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Sweater Weather

Mar 16, 2021

The early years after the collapse of the Soviet Union and the end of the Cold War produced a new consensus among western elites that it was now a good thing to do business with China and develop cultural relations. 

A fascinating film from 1990 illustrates this moment of history, Bethune: The Making of A Hero, starring Donald Sutherland as Norman Bethune, the real-life Canadian communist doctor who died in China in 1939 providing medical aid to Mao’s 8th Army as it battled the invading Japanese. Bethune was a swash-buckling humanitarian who became a revered figure of the Chinese Revolution, and later a sanctified Canadian national hero, too.

This 18-million dollar movie was a co-production of Canadian and Chinese state partners, and was at the time the most expensive Canadian film ever produced. An ambitious but flawed film, the production was marred by a power struggle between the Canadians involved in the project, the film’s star, actor Donald Sutherland and its screenwriter, Ted Allan. I’ve recently written about Bethune: The Making of a Hero in a piece for Passage magazine titled “After The Cold War, China and Canada United to Honour Norman Bethune."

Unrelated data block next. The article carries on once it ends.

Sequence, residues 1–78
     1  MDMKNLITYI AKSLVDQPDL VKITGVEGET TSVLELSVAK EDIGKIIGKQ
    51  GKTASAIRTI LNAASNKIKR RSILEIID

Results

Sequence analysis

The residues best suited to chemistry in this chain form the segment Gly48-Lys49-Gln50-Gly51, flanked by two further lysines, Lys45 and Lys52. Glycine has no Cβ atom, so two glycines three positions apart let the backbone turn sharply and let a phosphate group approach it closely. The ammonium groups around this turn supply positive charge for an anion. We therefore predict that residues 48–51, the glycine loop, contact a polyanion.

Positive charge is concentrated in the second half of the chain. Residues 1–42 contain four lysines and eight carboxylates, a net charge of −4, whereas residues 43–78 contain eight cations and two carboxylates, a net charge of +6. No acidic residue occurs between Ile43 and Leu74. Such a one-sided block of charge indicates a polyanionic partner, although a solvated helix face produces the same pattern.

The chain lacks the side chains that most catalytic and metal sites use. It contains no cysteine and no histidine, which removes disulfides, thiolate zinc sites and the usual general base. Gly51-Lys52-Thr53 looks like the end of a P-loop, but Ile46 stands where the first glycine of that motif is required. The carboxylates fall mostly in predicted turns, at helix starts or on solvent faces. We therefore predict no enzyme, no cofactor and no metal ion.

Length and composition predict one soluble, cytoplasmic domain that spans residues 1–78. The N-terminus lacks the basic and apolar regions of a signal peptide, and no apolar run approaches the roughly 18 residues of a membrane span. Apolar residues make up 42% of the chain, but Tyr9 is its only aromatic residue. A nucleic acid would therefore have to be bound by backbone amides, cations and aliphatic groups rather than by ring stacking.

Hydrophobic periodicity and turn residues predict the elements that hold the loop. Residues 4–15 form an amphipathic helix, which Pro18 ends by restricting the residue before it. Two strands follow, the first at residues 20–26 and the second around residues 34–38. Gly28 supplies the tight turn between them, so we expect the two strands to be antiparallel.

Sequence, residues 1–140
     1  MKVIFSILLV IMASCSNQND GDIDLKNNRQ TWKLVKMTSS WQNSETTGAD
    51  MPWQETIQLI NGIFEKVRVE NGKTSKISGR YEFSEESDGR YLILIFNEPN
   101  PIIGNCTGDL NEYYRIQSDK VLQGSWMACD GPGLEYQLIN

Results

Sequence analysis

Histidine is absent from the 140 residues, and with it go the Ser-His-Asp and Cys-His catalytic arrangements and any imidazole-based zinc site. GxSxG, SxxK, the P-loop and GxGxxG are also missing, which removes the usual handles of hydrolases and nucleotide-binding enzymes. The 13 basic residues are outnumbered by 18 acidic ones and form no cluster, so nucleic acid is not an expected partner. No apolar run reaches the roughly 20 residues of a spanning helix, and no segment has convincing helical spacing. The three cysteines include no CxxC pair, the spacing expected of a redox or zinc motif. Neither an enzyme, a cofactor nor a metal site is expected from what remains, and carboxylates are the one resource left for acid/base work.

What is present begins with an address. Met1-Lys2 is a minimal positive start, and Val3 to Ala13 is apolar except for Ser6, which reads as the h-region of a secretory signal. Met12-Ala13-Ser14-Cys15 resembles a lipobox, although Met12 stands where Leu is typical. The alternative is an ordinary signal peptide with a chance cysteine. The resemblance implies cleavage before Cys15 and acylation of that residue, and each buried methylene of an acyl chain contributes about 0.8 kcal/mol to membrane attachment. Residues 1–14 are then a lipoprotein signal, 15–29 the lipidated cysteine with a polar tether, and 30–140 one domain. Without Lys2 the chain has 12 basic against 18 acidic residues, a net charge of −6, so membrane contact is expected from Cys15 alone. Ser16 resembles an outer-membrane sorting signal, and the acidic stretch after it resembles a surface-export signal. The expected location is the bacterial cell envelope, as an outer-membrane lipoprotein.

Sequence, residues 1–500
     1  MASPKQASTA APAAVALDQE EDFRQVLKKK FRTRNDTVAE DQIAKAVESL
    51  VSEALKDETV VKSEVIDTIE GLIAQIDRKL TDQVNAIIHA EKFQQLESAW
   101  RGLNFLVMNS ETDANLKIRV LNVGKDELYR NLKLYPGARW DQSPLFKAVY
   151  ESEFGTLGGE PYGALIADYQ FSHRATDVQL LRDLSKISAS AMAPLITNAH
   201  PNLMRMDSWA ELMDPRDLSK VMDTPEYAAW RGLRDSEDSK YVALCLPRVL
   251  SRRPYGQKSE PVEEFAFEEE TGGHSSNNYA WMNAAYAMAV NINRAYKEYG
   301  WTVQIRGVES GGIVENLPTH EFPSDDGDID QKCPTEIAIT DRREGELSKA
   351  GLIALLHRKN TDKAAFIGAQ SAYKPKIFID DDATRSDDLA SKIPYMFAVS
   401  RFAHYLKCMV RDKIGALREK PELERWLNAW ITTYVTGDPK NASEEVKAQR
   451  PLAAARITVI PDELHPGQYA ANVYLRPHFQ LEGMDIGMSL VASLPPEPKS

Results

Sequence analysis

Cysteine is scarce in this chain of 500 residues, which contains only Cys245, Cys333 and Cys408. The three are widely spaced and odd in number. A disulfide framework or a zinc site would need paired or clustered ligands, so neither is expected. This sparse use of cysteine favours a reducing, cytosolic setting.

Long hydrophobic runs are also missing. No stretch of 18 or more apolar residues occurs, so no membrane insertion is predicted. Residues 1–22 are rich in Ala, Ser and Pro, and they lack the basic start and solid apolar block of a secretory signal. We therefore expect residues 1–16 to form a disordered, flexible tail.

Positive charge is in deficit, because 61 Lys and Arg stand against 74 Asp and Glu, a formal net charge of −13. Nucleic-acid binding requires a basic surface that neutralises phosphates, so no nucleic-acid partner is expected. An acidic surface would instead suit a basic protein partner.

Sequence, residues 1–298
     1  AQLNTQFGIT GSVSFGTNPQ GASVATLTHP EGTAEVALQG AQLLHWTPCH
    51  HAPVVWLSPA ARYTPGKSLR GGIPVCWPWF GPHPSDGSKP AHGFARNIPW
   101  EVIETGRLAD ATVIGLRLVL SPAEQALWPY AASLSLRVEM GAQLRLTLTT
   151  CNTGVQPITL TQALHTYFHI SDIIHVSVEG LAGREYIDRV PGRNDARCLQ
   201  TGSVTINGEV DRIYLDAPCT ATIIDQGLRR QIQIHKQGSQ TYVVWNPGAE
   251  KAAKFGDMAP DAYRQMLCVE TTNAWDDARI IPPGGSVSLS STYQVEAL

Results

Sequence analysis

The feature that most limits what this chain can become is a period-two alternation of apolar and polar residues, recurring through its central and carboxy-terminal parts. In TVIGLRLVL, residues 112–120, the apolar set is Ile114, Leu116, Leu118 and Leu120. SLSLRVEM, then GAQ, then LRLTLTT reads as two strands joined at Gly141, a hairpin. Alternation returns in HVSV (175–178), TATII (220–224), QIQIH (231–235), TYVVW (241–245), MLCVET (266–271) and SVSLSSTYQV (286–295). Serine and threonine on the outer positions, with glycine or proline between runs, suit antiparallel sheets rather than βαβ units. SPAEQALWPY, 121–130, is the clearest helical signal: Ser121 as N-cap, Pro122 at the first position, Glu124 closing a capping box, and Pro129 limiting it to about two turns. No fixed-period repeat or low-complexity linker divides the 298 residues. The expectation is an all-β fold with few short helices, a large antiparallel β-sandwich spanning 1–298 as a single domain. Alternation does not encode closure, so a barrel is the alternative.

Joining Sweater Weather to talk about Bethune: Making of a Hero is Paul Jay. Paul Jay is a journalist and filmmaker, the founder and host of TheAnalysis.News, a video and audio current affairs show. He is past chair of the Documentary Organization of Canada, as well as a founding chair of the Hot Docs! Canadian International Documentary Festival.  Happily for us, Paul is also the nephew of Ted Allan, the screenwriter of Bethune, and he offers a unique perspective on the film as well as its political, economic and historical background.

Read Aaron's article about Bethune: The Making of a Hero in Passage:

Watch Bethune: The Making of a Hero:

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